Pi Day: what is it and why is it celebrated on 14 March?
We’ve done full circle as this special day in the calendar comes around again, one where we celebrate a rather important number.
Did you wake up today, 14 March and wonder why Pi Day was trending? Well, you weren’t the only one, so let me round things up for you. Yes, puns may follow.
What is Pi?
It’s a number and that is approximately 3.14159, but its decimal representation goes on infinitely without repetition. (If you want to see the first 1,000 digits of pi). It also has a symbol, and that is ‘π’. I’m guessing you want more so let’s go a little deeper and find out where Pi sits in the circle of life.
Pi is a mathematical constant that represents the ratio of the circumference of a circle to its diameter. It is an irrational number, meaning it cannot be expressed as a finite decimal or fraction, and it has an infinite number of decimal places, driving some students round the bend as they continue in a viscious circle. It has been studied for thousands of years and is a fundamental constant in mathematics and physics. It is used in a wide variety of mathematical and scientific calculations, including geometry, trigonometry, calculus, and more.
As the sporty graphic above shows, you can keep going as far as you want. If your particular want is 100 digits, you’d be after 3.1415926535 8979323846 2643383279 5028841971 6939937510 5820974944 5923078164 0628620899 8628034825 3421170679. That’s pretty accurate.
The symbol for pi was first used by Welsh mathematician William Jones in 1706, but the value of pi was not calculated accurately until many years later. Modern computing has managed to calculate its value to trillions of decimal places.
Why do we celebrate Pi Day on 14 March?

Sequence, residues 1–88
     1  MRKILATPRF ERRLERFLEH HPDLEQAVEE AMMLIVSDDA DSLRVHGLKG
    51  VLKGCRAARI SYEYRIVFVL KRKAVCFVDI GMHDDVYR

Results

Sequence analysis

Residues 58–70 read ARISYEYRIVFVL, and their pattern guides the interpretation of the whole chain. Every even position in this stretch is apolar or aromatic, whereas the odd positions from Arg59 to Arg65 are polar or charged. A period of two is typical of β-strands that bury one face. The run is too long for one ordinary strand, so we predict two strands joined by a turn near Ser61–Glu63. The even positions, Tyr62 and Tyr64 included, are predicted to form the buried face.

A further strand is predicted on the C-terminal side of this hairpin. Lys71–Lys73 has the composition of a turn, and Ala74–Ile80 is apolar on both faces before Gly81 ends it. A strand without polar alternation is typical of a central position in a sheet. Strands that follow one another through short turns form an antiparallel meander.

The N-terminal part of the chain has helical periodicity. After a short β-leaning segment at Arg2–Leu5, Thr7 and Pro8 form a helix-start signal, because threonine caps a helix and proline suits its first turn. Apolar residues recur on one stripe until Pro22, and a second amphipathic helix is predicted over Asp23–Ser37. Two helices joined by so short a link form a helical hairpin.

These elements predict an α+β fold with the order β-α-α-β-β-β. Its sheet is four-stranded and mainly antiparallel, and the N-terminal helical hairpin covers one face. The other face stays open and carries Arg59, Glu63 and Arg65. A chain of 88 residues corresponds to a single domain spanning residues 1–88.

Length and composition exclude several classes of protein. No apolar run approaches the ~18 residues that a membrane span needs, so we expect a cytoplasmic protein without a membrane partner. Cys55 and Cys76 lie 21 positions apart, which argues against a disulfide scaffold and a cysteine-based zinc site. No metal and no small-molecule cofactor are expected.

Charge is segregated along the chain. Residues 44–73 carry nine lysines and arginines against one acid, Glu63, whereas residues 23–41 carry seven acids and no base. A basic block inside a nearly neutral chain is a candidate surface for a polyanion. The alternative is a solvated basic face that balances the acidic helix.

You may be ahead of me here if you’ve been paying attention. Given the above number we commemorate Pi Day on March 14th due to March being the third month and the first two decimal places being 14, hence, 3/14*.
Physicist Larry Shaw hosted the inaugural Pi Day celebration at the San Francisco Exploratorium in 1988. Since then, Pi Day has developed into an annual celebration of mathematics and science that includes events and activities held in educational settings like museums and schools.
*Note: although in the US the date format has month/day/year, in many countries around the world the order is day/month/year.
How can I remember Pi?
My favourite mnemonic for this is ‘how I wish I could remember Pi’ (just count the letters in each word) but there are others.
‘May I have a large container of coffee?’ for example, gives the same effect with added caffeine, while you can really show off by making up a phrase like, ‘Sir, I send a rhyme excelling, in sacred truth and rigid spelling, numerals aligned, as digits of pi, with sharpness keen, and most expedient speed, I count them all, for that is what I need.’
How can I use Pi?
Let’s circle the wagons and all have a look at what Pi can help us with. Here’s a handy little video tutorial but if you have any further questions, drop me a note in the comments and I’ll get you an answer.
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